Among the many things I’ve been in my life, “computer geek” is one of them. I’m not a professional anymore, in that I don’t do it for a living, but I’m still more than a little of a computer nerd. It’s been a part of “who I am” for 30 years now. Over the course of that time, I’ve used most of the operating systems, word processors, database and spreadsheet applications, web browsers, and other software packages that have come down the pike. Starting in the late ’90’s, I began to get a little bit of a luddite attitude towards much of it. It wasn’t that I didn’t still like computers, it was just some of the trends that were disgruntling. For example, I now had to buy an “office productivity suite,” when really all I wanted was just a word processor and a spreadsheet application. Even more, they usually came with a huge set of features, which for the most part I had no use for. There was also the Microsoft “tax” on computers, and the headaches of having all the extraneous stuff that Microsoft seems to feel you “want” when you buy their operating system.
Which was pretty much just something for me to gripe about for a while, until I entered the world of Free/Open Source Software (FOSS). It turned out there were alternatives, and while not all of them were very good, some were very, very good. Right now, the blog post you’re reading was created by FOSS, and the site it’s residing on is running a FOSS package. I’m doing it using a computer running Ubuntu Linux 04.10 (Lucid Lynx), with Firefox as the web browser accessing WordPress. For “office productivity,” I can use OpenOffice, or if I just want to knock out a quick document, AbiWord. Want to play videos or music files? I have VLC, or Amarok for music. There’s a pretty wide selection of software, and it’s often better than the commercial varieties.
The really nice thing about the software, besides their functionality and cost? They’re cross-platform. I not only run them on my Linux set-up, I also run them on my Windows set-up. I don’t have to relearn every piece of software when I switch between operating systems, and the files I’m using on one system can be used on the other. I can even set up Ubuntu under Windows, and remove it using the “Add/Remove” functionality if I’d wanted to – they have thoughtfully provided a system called “Wubi” which does that for you, so if you want to try it, you can, without touching your Windows installation. If you’re really geeky, you can run Windows under Linux, using one of the virtualization programs.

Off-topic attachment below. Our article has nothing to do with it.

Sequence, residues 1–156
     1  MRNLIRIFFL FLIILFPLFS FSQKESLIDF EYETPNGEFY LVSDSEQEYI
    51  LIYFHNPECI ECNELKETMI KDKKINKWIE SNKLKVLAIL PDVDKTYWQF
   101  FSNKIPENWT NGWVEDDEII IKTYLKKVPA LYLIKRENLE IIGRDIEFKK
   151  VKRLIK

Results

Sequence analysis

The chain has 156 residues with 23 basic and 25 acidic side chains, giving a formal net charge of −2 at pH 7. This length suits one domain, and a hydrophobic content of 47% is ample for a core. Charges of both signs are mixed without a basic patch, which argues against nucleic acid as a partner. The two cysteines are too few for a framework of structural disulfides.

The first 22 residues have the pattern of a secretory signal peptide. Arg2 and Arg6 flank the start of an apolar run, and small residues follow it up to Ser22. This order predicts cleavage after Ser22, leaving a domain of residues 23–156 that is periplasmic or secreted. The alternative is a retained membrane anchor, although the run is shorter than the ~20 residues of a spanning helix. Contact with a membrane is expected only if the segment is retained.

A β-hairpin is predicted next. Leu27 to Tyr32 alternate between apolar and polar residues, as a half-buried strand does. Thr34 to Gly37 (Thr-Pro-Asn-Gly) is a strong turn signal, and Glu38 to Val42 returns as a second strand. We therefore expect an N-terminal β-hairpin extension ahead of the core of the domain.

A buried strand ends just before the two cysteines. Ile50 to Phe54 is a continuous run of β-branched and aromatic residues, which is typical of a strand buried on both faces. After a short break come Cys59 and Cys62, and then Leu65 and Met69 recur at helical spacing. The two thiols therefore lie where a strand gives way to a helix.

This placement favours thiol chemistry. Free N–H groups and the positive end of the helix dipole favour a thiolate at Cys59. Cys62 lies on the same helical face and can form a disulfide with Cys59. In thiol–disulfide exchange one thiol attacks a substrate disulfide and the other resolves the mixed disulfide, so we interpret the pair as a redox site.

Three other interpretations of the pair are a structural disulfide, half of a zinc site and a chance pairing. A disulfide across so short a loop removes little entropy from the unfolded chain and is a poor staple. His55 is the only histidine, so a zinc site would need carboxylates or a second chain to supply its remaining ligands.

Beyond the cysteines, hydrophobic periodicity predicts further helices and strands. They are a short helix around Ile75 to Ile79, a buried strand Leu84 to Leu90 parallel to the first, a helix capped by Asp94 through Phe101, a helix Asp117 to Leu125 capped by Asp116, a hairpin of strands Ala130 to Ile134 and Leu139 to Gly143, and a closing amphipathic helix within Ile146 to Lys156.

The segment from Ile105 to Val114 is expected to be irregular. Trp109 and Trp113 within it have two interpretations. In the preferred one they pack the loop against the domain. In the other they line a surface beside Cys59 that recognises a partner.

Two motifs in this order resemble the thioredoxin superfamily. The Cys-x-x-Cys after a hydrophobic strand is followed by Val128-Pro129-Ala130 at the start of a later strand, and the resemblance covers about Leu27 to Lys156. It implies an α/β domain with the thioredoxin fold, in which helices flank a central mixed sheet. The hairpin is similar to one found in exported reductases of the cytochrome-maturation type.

I’ve been pleasantly surprised by how much progress has been made over the past decade. 10 years ago I remember it taking a considerable amount of time and tinkering to get a Linux box up and working. Today, it takes me less than an hour to get everything going, and it mostly “just works.” A lot of the software was “clunky,” with spotty functionality and sometimes arcane instructions on installation and use. Today, I rarely have to worry about any of that, or complain about what isn’t there, or spend a lot of time trying to figure out how to install it and use it.
The best thing of all is that it’s free. Yes, there are “paid” versions, and you can purchase various things if you need to, but the basic stuff is all free for the download and use. I still do buy software and use Windows, because after all, I’m not a fanatic about it and I do need it for some things. But I am definitely in favor of Free and Open Source software, and for the most part it’s a great thing to try out.